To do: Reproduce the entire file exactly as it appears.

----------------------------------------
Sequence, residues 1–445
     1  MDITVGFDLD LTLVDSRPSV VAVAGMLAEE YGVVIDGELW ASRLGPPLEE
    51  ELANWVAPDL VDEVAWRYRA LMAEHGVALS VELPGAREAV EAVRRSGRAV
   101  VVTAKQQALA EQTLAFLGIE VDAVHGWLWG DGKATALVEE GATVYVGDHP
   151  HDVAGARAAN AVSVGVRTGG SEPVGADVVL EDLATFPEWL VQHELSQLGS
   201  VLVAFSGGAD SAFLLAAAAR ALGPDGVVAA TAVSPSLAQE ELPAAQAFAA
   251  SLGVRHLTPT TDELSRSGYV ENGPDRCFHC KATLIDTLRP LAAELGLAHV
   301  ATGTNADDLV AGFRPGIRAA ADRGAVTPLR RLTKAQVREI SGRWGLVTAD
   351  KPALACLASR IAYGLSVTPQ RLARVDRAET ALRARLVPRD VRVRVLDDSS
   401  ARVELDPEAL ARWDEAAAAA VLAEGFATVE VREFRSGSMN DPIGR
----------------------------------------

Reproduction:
Sequence, residues 1–445
     1  MDITVGFDLD LTLVDSRPSV VAVAGMLAEE YGVVIDGELW ASRLGPPLEE
    51  ELANWVAPDL VDEVAWRYRA LMAEHGVALS VELPGAREAV EAVRRSGRAV
   101  VVTAKQQALA EQTLAFLGIE VDAVHGWLWG DGKATALVEE GATVYVGDHP
   151  HDVAGARAAN AVSVGVRTGG SEPVGADVVL EDLATFPEWL VQHELSQLGS
   201  VLVAFSGGAD SAFLLAAAAR ALGPDGVVAA TAVSPSLAQE ELPAAQAFAA
   251  SLGVRHLTPT TDELSRSGYV ENGPDRCFHC KATLIDTLRP LAAELGLAHV
   301  ATGTNADDLV AGFRPGIRAA ADRGAVTPLR RLTKAQVREI SGRWGLVTAD
   351  KPALACLASR IAYGLSVTPQ RLARVDRAET ALRARLVPRD VRVRVLDDSS
   401  ARVELDPEAL ARWDEAAAAA VLAEGFATVE VREFRSGSMN DPIGR